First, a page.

Revenant Gun by Yoon Ha Lee (Solaris)
Frankenstein in Baghdad by Ahmed Saadawi (Oneworld)
The Electric State by Simon Stålenhag (Simon & Schuster)
Rosewater by Tade Thompson (Orbit)
The Loosening Skin by Aliya Whiteley (Unsung Stories)

I’ve read none of them but note the Tade Thompson was on the BSFA Award list this year (despite doubts as to its eligibility – which would apply equally to the Clarke Award I’d have thought.)

Also on both lists is the Yoon Ha Lee. Having read his Ninefox Gambit I have to say I’m depressed by this.

BSFA Awards for 2018

This year’s awards (for works published last year have been announced.)

Best Novel: Gareth L Powell for Embers of War

Best Shorter Fiction: Ian McDonald for Time Was

Best Non-Fiction: Aliette de Bodard for “On motherhood and erasure: people-shaped holes, hollow characters and the illusion of impossible adventures.”

Best Artwork: Likhain for “In the Vanishers’ Palace: Dragon I and II.”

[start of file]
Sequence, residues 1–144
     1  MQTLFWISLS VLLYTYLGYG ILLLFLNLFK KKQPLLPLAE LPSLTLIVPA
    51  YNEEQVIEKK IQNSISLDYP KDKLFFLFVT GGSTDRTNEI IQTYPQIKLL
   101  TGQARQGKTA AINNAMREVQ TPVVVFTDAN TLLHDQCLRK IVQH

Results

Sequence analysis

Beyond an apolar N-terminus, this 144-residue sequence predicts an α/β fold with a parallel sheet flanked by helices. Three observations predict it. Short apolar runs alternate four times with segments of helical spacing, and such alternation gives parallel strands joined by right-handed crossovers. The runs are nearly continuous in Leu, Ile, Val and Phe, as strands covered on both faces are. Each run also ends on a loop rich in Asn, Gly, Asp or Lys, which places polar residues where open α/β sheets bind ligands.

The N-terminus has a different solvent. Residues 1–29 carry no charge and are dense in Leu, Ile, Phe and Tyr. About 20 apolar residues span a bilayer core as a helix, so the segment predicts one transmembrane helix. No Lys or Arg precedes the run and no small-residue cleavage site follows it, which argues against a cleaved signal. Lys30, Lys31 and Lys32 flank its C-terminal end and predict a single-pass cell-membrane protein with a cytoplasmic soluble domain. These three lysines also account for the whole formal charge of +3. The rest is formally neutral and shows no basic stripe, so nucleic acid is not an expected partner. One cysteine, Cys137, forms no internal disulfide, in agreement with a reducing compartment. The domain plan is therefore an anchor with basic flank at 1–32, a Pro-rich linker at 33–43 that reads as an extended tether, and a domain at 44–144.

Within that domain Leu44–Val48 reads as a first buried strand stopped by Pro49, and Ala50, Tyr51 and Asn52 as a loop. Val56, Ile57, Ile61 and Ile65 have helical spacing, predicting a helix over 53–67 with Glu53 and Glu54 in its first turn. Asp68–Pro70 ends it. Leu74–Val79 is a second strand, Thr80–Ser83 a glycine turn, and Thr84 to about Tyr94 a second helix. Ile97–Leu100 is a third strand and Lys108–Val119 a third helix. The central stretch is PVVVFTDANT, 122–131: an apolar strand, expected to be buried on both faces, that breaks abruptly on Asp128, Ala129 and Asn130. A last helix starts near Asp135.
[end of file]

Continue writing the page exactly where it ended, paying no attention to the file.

The novel winner wasn’t my choice.

BSFA Awards Booklet 2018

BSFA, 2019, 104 p.

BSFA Award Booklet for 2018

It would appear from the nominations for shorter fiction appearing in this year’s booklet that the SF short story is dead. Barring the last in the booklet none of the shortlisted stories is printed in its entirety. The others are all extracts from longer pieces of fiction.
Nina Allan’s The Gift of Angels: an introduction1 is narrated by a Science Fiction writer, whose mother was the first person on Mars but whose fate remains unknown, and tells what appears to be his life story. The tale riffs on and critiques the films La Jetée and Twelve Monkeys. Allan has a beautiful writing touch. I did want to find the longer version to finish it. The story, though, refers to Harry Potter and Game of Thrones as famous. I doubt these will be quite such cultural touchstones in the fifty years or so time when this is set as they are now.